Friday the 9th of January 2015
Volume 356

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Mistakes which can cost you your visa - Pt1. Failure to Notify a Change of Circumstances                                       
A shocked and frightened woman covering her mouth in surprise and disbelief. Isolated on white.

Failure of applicants to notify the Immigration Department of a change of circumstances whilst their visa is under processing can quite often be a deliberate act of trying to conceal something but often it can be just an honest mistake.


The Immigration Department is particularly fussy about the accuracy of the information you give to them. These days they have the power to ban you from Australia for a number of years if you give them false or misleading information or fraudulent documentation but what many people do not know are the cancellation provisions available even after your TR or PR visa is granted.


Today we will visit just one of those areas, failure to tell the Department of a change of circumstances.


In a nutshell the Department can cancel your visa if you fail to tell them about a change of circumstances that may apply to any visa applicant after the application has been lodged and before the visa has been granted. In some cases, this can also be up to the time of your first entry to Australia on that visa if it was granted to you while you were offshore.


In reality the DIBP does not want to know an applicant's every change of circumstances before a decision is made. If the Department told applicants that they must notify them when a change of circumstances occurs they would be inundated with information for trivial matters such as the purchase of a new car or perhaps that their pet dog Fido past away last week. This of course would create an administrative absurdity.


The change of circumstances the DIBP want to be informed about is exactly the kind outlined in Section 104 of the Migration Act 1958;


"If circumstances change so that an answer to a question on a non-citizen's application form or an answer under this section is incorrect in the new circumstances, he or she must, as soon as practicable, inform an officer in writing of the new circumstances and of the correct answer in them."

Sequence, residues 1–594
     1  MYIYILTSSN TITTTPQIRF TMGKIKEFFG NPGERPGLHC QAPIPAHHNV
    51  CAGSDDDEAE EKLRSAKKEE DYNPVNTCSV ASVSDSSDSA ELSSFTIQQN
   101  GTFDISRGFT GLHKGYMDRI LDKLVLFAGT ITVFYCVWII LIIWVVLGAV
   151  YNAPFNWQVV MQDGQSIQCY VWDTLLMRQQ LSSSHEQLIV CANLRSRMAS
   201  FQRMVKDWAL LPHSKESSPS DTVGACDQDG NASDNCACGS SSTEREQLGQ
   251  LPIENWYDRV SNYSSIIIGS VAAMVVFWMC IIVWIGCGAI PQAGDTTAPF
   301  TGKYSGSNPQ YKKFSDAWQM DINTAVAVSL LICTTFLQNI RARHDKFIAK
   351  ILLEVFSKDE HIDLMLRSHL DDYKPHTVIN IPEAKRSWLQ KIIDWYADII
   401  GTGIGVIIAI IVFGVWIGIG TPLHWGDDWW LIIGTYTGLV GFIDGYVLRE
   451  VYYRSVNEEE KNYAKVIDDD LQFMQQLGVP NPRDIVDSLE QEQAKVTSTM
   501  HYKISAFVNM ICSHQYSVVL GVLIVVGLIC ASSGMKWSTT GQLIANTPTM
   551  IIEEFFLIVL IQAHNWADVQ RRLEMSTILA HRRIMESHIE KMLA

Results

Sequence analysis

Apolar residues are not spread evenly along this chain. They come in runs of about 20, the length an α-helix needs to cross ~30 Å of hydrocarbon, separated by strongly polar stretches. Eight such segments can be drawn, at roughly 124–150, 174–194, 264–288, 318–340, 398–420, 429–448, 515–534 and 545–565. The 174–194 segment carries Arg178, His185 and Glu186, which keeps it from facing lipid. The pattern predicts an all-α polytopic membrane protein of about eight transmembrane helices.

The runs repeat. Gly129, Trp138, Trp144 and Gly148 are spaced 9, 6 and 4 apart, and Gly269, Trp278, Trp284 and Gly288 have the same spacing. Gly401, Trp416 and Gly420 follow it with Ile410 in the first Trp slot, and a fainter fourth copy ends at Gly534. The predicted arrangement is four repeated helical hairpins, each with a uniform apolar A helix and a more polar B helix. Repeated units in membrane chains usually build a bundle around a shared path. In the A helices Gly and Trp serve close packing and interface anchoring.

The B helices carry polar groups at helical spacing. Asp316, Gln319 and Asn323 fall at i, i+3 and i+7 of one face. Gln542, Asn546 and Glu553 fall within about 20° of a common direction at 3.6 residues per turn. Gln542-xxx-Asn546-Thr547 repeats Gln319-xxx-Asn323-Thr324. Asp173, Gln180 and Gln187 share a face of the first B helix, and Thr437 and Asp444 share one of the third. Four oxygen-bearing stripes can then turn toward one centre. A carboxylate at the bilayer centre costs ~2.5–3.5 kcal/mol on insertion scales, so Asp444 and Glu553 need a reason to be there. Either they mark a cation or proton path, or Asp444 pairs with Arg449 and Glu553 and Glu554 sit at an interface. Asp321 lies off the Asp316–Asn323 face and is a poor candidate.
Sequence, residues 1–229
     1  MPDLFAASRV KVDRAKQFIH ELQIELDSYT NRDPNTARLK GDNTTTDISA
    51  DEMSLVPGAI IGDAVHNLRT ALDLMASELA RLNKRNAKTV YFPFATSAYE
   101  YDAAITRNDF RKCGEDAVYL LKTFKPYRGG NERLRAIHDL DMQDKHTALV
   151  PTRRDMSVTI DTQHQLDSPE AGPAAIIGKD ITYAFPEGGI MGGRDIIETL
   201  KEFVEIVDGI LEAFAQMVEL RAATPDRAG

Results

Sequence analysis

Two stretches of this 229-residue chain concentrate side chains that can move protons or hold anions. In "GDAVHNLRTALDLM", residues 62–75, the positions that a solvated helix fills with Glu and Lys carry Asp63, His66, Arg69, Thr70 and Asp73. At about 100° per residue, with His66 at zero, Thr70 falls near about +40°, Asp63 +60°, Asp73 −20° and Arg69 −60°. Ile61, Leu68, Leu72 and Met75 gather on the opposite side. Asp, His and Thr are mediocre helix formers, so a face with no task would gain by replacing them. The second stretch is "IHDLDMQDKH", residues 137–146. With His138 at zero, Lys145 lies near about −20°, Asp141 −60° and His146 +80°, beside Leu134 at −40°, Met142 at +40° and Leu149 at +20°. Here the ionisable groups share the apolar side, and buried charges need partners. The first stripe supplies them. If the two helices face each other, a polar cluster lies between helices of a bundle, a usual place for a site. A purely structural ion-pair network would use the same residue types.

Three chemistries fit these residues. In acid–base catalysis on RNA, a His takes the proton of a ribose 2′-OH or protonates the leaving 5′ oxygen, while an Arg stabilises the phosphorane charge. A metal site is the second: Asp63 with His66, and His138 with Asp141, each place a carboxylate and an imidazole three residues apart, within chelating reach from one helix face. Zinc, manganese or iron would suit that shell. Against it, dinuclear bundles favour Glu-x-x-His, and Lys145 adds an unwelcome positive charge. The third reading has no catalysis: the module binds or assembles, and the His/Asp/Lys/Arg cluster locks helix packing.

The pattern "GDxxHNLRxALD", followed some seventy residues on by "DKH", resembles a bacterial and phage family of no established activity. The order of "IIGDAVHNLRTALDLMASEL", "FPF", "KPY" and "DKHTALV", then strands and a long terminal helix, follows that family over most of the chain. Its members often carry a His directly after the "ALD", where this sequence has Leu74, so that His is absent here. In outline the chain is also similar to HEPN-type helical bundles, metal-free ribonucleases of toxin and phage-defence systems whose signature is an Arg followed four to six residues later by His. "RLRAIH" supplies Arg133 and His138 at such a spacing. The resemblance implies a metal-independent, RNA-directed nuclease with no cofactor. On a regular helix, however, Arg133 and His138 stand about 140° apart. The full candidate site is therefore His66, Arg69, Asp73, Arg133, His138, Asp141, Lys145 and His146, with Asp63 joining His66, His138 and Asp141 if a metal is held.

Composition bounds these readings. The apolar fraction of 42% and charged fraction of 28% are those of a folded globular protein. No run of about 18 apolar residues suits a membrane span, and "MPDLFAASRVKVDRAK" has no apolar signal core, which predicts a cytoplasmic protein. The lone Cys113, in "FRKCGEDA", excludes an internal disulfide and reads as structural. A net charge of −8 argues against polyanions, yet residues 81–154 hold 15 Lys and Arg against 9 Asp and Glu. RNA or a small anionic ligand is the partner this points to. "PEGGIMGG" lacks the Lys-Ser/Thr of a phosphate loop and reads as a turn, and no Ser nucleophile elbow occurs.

The DIBP approved Form 1022 is the format the Department directs applicants to when they are advised a change of circumstances has taken place. They advise applicants to complete the form and send it to the Department. The form itself is a guide as to what information the DIBP want to be informed about that would constitute a change of circumstances. On the advice sheet attached to the form it states;

Section 104 of the Migration Act 1958 (the Act) requires you to inform the Department of Immigration and Border Protection (the Department) of any changes in your circumstances that affect any answer to a question in your application form.


We know however the "affect" that they are referring to, it is than an answer on the application form submitted becomes "incorrect". The DIBP would normally not attempt to cancel a visa because the applicant failed to notify they changed address because at the time the form was submitted the information was correct and even with an address change during processing, the information is still correct, just outdated.


The language of Section 104 is clear. It only relates to an answer on an application form becoming incorrect after the forms completion and submission to the department. Section 104 is not about any change of circumstance that may seem important to an applicant or what the department think they would to know, it is a new circumstance which makes an answer on the original application from become incorrect.